Wednesday, February 11, 2009
Something amazing happens about 20 minutes in Woody Allen's latest opus, Vicky Christina Barcelona. Without a major shift in tone, it subtly but suddenly ceases to be a pretentious summer romp and becomes something so much more. For the remaining 70 minutes, Allen subverts that small niche of films in which women go to Europe and find wild passion, creating a layered portrait that, though it does not stand on the level of his 70s masterpieces, nevertheless shows that Allen's got some fire in him still.
A narrator opens the film and describes the two titular characters: Vicky (Rebecca Hall) is a practical woman, engaged to a well-off but boring man named Doug (Chris Messina); Christina (Scarlett Johansson), on the other hand, is carefree and spontaneous. Vicky visits Barcelona to get her master's degree in Catalin identity, and Christina just tags along and tries to figure out what she wants from life. Both stay with Vicky's distant relative Judy (Patricia Clarkson) and her husband Mark (Kevin Dunn), a peripheral couple who will become significant later in the film.
One day Vicky and Christina attend an art exhibition, where they spot Juan Antonio (Javier Bardem), an artist rumored to have broken up with his wife after abusing her. They then go to a restaurant where Juan approaches and attempts to seduce them, and he even invites them to join him in Oviedo for the weekend. Vicky of course is having none of it, but Christina finds herself intrigued by Juan's mysteriousness and his boldness, so Vicky has to come along to "protect Christina from making a big mistake."
It's here that the film starts to evolve; these first 20 minutes consist of little more than pompous dialogue that sounds more like a series of soliloquies than human conversation. However, when Vicky and Christina reach Oviedo, suddenly the film comes alive; ironic, considering how somber it really is beneath its warm veneer.
Allen's films always deal with sexuality in frank, unique ways, and Vicky Christina Barcelona is no different; Christina goes back to Juan's room in Oviedo, but comes down with food poisoning before anything happens. To pass the time while Christina recovers, Vicky accompanies Juan around town, meeting his father and ending up in a small acoustic guitar concert. Overwhelmed by their sheer "European-ness" of it all, Vicky succumbs to her desires and sleeps with Juan.
Then things get a little complicated. Vicky's fiancé decides to come to Spain to get hitched, and Christina gets better and shacks up with Juan. Now guilt-ridden and more uncertain of her marriage than ever, Vicky buries her pain from both Doug and Christina, who doesn't know about her tryst with Antonio. Hall has been sadly under-praised for her work in the film, as she puts in a wonderfully understated performance.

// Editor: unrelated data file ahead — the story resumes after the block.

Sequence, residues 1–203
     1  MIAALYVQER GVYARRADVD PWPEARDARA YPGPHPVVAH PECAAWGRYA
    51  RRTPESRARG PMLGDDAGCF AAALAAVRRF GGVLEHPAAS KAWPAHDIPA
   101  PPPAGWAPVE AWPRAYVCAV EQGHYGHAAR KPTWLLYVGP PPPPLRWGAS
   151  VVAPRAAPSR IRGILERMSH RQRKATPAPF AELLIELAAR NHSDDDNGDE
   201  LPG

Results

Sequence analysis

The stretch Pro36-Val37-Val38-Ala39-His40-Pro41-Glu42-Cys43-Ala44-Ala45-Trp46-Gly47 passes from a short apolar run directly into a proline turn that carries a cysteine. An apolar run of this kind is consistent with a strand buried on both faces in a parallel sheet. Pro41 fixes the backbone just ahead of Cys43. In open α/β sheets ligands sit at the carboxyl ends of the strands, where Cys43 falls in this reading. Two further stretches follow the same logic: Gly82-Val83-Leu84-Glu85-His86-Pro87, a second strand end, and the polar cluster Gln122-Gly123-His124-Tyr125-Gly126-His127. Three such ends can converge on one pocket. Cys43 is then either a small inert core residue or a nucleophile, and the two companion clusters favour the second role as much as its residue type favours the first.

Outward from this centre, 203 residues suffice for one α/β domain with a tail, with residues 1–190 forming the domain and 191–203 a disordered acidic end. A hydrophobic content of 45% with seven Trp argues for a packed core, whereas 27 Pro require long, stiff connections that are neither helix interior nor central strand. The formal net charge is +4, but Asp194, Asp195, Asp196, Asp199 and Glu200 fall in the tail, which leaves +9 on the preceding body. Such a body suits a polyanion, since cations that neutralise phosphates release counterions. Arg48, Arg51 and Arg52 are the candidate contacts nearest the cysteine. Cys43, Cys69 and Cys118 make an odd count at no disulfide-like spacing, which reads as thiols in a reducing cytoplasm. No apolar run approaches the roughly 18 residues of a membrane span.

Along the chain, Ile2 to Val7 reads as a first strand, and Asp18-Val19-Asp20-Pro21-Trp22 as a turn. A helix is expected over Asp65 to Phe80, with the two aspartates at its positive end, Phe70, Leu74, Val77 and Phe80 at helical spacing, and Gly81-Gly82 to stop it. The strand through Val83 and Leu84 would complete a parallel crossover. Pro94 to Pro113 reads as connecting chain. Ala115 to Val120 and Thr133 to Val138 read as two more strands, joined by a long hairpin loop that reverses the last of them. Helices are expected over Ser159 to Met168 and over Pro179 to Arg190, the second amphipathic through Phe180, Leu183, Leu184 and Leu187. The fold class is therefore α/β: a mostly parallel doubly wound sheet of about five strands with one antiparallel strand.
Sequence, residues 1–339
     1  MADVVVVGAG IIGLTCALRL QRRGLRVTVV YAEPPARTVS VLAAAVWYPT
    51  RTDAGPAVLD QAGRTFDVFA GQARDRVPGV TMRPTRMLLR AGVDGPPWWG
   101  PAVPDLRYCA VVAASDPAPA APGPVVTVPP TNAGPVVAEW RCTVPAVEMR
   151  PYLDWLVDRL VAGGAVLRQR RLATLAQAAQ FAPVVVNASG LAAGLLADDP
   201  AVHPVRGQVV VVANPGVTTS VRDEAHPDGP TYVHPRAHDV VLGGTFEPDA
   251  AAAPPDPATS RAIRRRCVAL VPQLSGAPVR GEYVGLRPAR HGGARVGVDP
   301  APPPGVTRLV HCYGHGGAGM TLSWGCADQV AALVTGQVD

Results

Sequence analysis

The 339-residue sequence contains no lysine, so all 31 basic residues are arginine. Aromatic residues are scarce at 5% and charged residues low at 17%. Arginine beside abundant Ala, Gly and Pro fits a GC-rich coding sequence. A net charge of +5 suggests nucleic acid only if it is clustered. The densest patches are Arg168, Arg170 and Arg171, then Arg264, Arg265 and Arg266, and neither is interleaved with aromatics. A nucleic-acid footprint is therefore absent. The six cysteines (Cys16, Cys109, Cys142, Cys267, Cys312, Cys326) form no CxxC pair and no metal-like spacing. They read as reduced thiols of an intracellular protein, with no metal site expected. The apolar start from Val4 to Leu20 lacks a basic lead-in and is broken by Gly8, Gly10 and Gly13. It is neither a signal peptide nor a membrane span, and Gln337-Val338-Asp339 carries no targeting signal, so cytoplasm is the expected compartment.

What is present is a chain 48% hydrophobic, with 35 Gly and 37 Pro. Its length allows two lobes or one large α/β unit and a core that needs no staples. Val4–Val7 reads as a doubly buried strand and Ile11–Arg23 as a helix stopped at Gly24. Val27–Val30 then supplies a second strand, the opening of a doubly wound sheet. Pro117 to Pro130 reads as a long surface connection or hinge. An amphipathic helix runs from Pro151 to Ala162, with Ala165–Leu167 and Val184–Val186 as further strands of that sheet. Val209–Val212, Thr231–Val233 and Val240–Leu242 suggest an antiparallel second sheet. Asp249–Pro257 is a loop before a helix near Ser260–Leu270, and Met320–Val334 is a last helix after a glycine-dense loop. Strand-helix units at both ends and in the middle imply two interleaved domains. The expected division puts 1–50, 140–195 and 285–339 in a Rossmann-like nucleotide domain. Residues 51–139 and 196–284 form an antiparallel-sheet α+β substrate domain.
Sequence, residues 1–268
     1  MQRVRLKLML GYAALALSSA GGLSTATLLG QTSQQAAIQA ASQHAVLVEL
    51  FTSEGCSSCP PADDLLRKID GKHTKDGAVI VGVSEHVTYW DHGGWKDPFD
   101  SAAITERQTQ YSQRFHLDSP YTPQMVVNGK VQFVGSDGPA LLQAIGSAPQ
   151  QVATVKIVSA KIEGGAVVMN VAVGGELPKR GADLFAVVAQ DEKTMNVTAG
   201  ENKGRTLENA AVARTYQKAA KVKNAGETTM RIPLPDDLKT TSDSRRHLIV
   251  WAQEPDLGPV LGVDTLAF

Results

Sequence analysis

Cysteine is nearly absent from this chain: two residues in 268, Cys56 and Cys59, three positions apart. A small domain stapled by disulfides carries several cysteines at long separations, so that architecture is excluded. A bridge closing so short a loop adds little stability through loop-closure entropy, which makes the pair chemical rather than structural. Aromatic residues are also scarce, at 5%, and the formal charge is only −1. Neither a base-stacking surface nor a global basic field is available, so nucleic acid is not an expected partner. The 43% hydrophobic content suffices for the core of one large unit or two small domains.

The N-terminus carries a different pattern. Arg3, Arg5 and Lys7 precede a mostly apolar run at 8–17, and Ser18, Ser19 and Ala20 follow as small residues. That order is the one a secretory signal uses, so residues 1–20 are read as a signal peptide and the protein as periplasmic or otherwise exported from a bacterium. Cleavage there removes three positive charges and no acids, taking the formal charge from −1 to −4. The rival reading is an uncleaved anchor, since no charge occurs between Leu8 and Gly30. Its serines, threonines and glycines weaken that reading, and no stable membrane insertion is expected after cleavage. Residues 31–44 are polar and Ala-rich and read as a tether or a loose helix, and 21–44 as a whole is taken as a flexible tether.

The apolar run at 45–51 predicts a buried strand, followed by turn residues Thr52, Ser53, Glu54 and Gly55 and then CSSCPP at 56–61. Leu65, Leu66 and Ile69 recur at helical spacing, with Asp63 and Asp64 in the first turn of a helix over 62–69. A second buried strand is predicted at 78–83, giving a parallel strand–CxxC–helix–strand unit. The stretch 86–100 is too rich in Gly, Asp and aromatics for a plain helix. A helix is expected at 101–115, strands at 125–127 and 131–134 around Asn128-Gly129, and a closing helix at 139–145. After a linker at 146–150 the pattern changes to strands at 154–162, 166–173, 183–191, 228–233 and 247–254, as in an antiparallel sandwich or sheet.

Christina seems to find something to latch onto at last with Juan, who introduces her to his artistic friends around whom "she could hold her own." She takes up photography and seems to find happiness. Until Juan's ex-wife shows up that is. Juan receives a call that Maria Elena (Penélope Cruz) tried to kill herself and brings her back to his home to monitor her.Clearly unstable, Maria initially despises Christina and resents the fact that she's now a guest in her own home, but the three eventually form a close bond, looking to polyamorous sex for emotional stability. This ain't your average rom-com, that's for sure.
Cruz puts in her finest performance to date as Maria, moving through the film like a maelstrom, but tempers her moments of manic abandon with sympathetic calm, and it keeps her character grounded and fascinating. Maria mentions to Christina that something was always missing in her relationship, and Christina might be that missing link. In this bizarre threesome, each of the characters finds some happiness: Juan finally settles into his relationship, Maria stabilizes and Christina finally finds her direction in life. Meanwhile, Vicky smolders with longing and pain for such a connection.
This is all very moody and revealing, but Allen throws us for one final loop at the end. As he so often does with his characters' relationships, Allen slowly pulls them apart. When this first came out, I saw a number of reviews calling it a great summer picture, and I don't know what movie they watched. Allen uses his beautiful backdrops and his superb cast (all of whom put in some of their best work, particularly Cruz, who certainly earned her Oscar nomination) to craft a tale of regret and loss. Not all films end with happy couples, but even when they end where they begin we are led to believe that these characters are at least bettered or more wizened by their experiences. Vicky Christina Barcelona offers no such reprieve; Allen wants us to know that, often, people can only ever be teased with happiness, and the knowledge that they'll never attain it hardly makes them better for the experience.